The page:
I just love Carriger’s work. I love her attention to detail, I love her wild ideas, I love the banter.
An important thing to note: you could absolutely read this without reading the Alexia Tarabotti novels. While they are set in the same universe, this novel gives you enough background information about the older characters to be going on with. And although, as is only natural, Prudence does reflect on her mother, it’s not an overwhelming part of her character – and one of the most awesome things is that Prudence is NOT her mother. And isn’t even the antithesis of her. Instead, she is very definitely herself.
The plot, briefly: Prudence goes to India and gets into all sorts of shenanigans while preparing to go, while on the way, and while there. Said shenanigans involve numerous supernatural creatures, a couple of boys, her best friend Primrose, several hats, and a rather large dirigible named The Spotted Custard. There is copious amounts of tea, a great deal of banter and snark, a tinge of British imperialism critique, and a lot of dresses.
The set of characters Carriger has brought together bode well for future books in the series; they fall into tropes, but they also have their amusing quirks and individuality. The best friend, Primrose, is very concerned about niceties of language and dress and manners; she’s also intelligent, socially sensitive, and I’m fairly sure she’s quite ruthless. Her twin is Percy, absent-minded professor type with loony ideas; he’s probably the least developed in this novel, but I trust will come properly into his own in the future. The fourth in the quartet is Quesnal, whose family I won’t reveal because that would be a bit of a spoiler but made me happy. He’s the engineering one, more practically-minded than the others, but also French – which in a novel like this is taken by the characters themselves to mean that he’s more emotional and sensuous (in good ways) than the more prim British.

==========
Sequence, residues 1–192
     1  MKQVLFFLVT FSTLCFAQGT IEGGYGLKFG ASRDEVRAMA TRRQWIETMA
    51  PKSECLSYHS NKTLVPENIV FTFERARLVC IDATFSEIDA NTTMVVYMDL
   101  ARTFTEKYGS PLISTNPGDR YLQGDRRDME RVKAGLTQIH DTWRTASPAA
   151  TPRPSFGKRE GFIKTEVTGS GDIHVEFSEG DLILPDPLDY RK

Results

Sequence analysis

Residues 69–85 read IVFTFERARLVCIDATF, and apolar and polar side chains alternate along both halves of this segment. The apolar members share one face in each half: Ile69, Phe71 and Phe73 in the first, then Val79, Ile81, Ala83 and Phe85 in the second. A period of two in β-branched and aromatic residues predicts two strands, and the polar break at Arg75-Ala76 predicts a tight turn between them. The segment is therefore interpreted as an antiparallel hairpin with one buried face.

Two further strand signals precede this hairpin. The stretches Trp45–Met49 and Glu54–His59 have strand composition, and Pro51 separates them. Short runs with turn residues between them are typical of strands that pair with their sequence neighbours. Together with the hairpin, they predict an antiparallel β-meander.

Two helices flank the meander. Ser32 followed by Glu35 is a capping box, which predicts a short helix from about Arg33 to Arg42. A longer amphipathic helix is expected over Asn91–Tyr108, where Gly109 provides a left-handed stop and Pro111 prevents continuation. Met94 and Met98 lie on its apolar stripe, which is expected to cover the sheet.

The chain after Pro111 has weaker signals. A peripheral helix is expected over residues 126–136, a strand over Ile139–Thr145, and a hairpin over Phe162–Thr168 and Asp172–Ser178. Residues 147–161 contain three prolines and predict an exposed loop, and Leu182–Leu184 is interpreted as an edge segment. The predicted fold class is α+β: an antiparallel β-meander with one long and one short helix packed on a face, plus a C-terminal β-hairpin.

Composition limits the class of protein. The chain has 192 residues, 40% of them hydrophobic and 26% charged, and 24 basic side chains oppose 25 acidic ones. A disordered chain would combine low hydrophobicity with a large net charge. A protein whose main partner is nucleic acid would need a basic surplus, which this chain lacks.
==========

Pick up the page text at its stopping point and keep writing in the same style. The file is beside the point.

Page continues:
Oh, and Prudence of course. Her family situation has meant that she is quite worldly in some ways, while still naive in others – and she knows it. She’s curious and game for adventure, intelligent and witty, and aware of her own faults. Perhaps the most intriguing part about her is her conscious use of character. She pays attention to those around her and she deliberately adopts mannerisms – mostly from her parents – that she thinks will help her in different situations. This idea of re-negotiating identity, in effect, is fascinating.
I love that Carriger is exploring more of the world that she created initially in Soulless. I love that we’ve now got a young adolescent perspective (in The Finishing School books), the 20-something perspective (here, in The Custard Protocol books), and the… 30-40, I guess? perspective (Parasol Protectorate). If I started re-reading the last again, maybe a book every six months, I could get myself thoroughly chronologically confused.
I’m really looking forward to the next book in this series (Imprudence).
Note: I had a… discussion… with some friends about whether there’s a typo on the first page, where Prudence is described as inspiring “immanent dread” in people. Given who and what she is, I think this spelling of ‘immanent’ is fine. However, I was disappointed to find a number of typos throughout the book. I’m not silly enough to blame Carriger for this and it doesn’t really subtract from my enjoyment of the novel itself, but I am quite disappointed by finding them and they do detract somewhat from my reading experience.
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